Luther hosts “Dream Week” Jan. 16-20

Luther College is honoring Rev. Dr. Martin Luther King, Jr. through Dream Week, Jan. 16–20, 2023.

Luther College is honoring Rev. Dr. Martin Luther King, Jr. through Dream Week, Jan. 16–20, 2023.

Special events and activities are planned each day on campus to bring awareness to the work of King and the state of racism, bias, inequity and injustice in the world.

At 4 p.m. Monday, Jan. 16, in the Center for Faith and Life Main Hall, Dr. Ronald Ferguson will present the keynote address “Strategy and Action for the 21st Century: The Costly Lessons Learned from MLK.” Supported by the Williams Endowment Fund and the Identity Studies Department at Luther, Ferguson will speak about the necessity of engaging in equity work and the inherent risks that accompany it.

“I am thrilled to be hosting Dr. Ferguson on this day that reminds us of the movement put into motion by the Rev. Dr. Martin Luther King, Jr.,” said Char Kunkel, head of the Identity Studies Department at Luther College. “Dr. Ferguson will remind us that we have yet to achieve the dream of Dr. King. There is much work to be done. This lecture is intended to embolden us to keep struggling and fighting for social justice.”

Ferguson is a former Luther College faculty member. Now, he works for the Minnesota State University system as an equity and inclusion coordinator in which he facilitates system-wide initiatives to promote educational equity and belonging. He also teaches sociology at Ridgewater College in Willmar, Minn., where he offers courses in racialization and social inequity.

At 6 p.m. Wednesday, Jan. 18, in the Center for Faith and Life Recital Hall, students, faculty, staff and community members are invited to a Conversation on Racial Healing. This event is in recognition of the National Day of Racial Healing which calls on colleges and universities across the country to engage in activities, events and strategies that promote healing and foster engagement around the issues of racism, bias, inequity and injustice in our society.

On Tuesday and Thursday, Jan. 17 and 19, Luther community members will be reading books to area elementary students about service, leadership, justice, civility and diversity. And at 10:30 a.m. Friday, Jan. 20, all are welcome to attend MLK Day Chapel: A Service Lamenting Racism in the Center for Faith and Life Recital Hall. This special service will inspire all in attendance to recognize and work to repair the harm caused by racism through confession, lament and praise. Working alongside people of all ages, races and backgrounds, King encouraged Americans to come together to strengthen communities, alleviate poverty and acknowledge dignity and respect for all human beings. King’s legacy is the continuing work for tolerance, peace and equality.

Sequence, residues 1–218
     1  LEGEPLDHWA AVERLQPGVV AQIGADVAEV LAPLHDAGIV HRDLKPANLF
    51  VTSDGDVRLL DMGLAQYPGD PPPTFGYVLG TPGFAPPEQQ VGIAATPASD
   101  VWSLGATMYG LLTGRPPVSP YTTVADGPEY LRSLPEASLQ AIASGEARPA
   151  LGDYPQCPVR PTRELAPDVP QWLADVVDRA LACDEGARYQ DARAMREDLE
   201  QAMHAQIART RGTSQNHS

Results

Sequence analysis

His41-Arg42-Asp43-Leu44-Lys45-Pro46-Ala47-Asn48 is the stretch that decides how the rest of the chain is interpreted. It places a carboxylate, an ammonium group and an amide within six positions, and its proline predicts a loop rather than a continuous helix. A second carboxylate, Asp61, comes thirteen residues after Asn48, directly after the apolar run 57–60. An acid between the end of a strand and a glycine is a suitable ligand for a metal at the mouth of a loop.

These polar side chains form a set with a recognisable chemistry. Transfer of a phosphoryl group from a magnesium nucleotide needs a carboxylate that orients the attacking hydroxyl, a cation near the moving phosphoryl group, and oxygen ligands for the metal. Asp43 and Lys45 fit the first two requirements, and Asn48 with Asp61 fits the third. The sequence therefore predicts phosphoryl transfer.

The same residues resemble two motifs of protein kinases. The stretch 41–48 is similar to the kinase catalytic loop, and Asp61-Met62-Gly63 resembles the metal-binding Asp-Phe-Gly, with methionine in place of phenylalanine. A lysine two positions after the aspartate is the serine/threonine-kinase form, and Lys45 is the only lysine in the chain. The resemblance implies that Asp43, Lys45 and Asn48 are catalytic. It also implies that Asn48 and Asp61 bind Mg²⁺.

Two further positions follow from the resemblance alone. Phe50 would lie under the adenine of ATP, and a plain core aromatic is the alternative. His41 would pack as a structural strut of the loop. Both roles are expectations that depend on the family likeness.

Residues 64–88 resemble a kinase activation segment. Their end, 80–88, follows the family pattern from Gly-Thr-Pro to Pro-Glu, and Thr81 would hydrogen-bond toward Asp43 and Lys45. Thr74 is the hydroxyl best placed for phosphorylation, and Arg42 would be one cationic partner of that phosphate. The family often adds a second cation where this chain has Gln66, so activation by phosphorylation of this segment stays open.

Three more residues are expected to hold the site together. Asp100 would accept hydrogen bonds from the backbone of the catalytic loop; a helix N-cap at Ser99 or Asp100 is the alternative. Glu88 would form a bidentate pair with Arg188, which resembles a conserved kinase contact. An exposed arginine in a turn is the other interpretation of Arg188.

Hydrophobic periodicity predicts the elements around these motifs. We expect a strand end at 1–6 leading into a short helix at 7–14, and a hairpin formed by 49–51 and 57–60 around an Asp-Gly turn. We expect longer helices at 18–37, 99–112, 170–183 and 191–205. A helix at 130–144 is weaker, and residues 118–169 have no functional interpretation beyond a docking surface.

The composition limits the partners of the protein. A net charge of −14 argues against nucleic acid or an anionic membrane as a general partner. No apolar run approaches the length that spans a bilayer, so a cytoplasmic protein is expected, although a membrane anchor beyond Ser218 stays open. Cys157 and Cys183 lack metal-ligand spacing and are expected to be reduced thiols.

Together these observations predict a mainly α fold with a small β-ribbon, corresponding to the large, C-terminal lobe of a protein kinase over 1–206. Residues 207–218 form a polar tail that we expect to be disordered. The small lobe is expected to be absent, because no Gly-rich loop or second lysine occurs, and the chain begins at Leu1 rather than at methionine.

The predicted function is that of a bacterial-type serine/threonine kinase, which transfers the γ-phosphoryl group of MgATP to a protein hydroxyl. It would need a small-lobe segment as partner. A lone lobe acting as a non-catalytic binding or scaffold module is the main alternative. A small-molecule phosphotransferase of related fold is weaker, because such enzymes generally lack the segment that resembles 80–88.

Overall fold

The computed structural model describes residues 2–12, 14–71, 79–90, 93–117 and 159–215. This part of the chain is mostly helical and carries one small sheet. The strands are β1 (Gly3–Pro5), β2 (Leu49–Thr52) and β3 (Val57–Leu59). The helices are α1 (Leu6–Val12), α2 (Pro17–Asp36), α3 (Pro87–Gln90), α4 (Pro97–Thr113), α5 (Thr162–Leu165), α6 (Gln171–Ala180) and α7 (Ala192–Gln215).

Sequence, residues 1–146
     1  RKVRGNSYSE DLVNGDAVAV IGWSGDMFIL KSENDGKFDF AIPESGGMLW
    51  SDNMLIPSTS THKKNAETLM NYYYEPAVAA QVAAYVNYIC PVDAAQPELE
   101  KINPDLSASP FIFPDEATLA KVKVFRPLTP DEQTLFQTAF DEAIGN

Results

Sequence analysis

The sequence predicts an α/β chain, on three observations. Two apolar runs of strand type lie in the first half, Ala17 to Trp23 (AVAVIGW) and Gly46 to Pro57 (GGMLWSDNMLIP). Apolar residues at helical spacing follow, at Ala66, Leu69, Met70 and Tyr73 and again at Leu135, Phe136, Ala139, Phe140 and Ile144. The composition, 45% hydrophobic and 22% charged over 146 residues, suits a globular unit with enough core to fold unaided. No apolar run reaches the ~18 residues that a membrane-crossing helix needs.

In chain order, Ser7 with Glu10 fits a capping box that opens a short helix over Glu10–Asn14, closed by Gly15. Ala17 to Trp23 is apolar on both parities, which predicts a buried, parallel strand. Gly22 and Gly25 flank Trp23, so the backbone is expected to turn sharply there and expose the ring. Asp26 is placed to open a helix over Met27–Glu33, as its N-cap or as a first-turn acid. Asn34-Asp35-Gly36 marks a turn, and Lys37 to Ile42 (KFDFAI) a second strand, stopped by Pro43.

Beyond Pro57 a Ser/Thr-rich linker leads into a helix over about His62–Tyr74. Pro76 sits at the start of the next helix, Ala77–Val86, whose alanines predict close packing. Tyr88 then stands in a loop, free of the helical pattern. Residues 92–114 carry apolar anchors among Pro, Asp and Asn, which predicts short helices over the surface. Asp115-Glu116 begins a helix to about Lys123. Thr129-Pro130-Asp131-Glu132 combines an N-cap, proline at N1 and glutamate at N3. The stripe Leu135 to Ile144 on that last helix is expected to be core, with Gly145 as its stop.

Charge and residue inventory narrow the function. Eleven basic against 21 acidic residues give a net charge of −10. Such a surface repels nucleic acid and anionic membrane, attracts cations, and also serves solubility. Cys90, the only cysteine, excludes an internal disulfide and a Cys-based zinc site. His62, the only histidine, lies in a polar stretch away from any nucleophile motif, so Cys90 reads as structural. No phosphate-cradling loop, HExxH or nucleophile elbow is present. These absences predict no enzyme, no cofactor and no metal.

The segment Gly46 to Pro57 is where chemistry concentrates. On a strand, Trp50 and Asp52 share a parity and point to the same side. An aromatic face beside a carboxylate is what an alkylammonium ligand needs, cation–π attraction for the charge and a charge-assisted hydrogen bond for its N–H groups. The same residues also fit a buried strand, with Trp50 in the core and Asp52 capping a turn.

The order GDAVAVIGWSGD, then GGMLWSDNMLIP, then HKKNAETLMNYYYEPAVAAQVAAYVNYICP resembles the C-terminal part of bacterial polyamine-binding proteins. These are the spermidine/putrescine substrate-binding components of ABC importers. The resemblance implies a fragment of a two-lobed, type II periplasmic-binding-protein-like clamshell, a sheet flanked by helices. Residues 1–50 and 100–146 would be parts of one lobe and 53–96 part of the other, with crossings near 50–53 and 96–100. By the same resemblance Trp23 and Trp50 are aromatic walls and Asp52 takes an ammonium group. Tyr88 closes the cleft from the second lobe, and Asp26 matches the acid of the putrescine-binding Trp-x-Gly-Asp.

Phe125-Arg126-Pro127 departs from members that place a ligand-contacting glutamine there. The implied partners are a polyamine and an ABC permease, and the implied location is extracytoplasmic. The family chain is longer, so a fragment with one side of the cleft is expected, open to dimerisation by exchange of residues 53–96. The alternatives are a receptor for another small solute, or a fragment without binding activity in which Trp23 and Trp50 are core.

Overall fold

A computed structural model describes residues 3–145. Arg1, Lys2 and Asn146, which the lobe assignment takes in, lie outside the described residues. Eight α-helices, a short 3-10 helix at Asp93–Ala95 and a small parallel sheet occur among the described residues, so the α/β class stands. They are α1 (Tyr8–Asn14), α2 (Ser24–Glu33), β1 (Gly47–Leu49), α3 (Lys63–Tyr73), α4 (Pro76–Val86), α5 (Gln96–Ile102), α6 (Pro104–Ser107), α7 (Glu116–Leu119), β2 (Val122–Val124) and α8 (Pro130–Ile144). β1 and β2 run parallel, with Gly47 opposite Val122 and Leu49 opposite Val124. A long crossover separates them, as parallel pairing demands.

“Dream Week is a true reflection of Luther College’s mission in action,” said Dr. Robert Clay, chief equity and inclusion officer and assistant to the president for community engagement at Luther. “Rev. Dr. Martin Luther King, Jr, was a drum major for justice. He challenged us to embrace diversity and create a sense of belonging for all regardless of where you live and your background. It is my hope that the programming taking place during Dream Week reminds us that there has been some progress made, however, there is much work to be done to create change that will transform and heal our communities.”

About the Williams Endowment Fund for the Rev. Dr. Martin Luther King, Jr. Lecture

Luther College’s Martin Luther King Jr. Day Lecture began in 1987 to provide ongoing scholarly conversation about the struggle for human rights in the United States. It is supported by the Williams Endowment Fund, named in recognition of Lawrence and Queen Williams for their dedication and years of service to Luther. The endowment assures the continuation of the college’s annual Martin Luther King Jr. Lecture. Lawrence Williams planned and solicited funding for more than 20 of these lectures throughout his career as a Luther faculty member. His dedication to the lecture series reflected a commitment to understanding civil rights that went beyond academic study. Williams’ personal experiences with the civil rights movement and its protests allowed him to share a firsthand perspective with students, and his acquaintance with civil rights leaders brought extraordinary people to campus to share their lives and stories.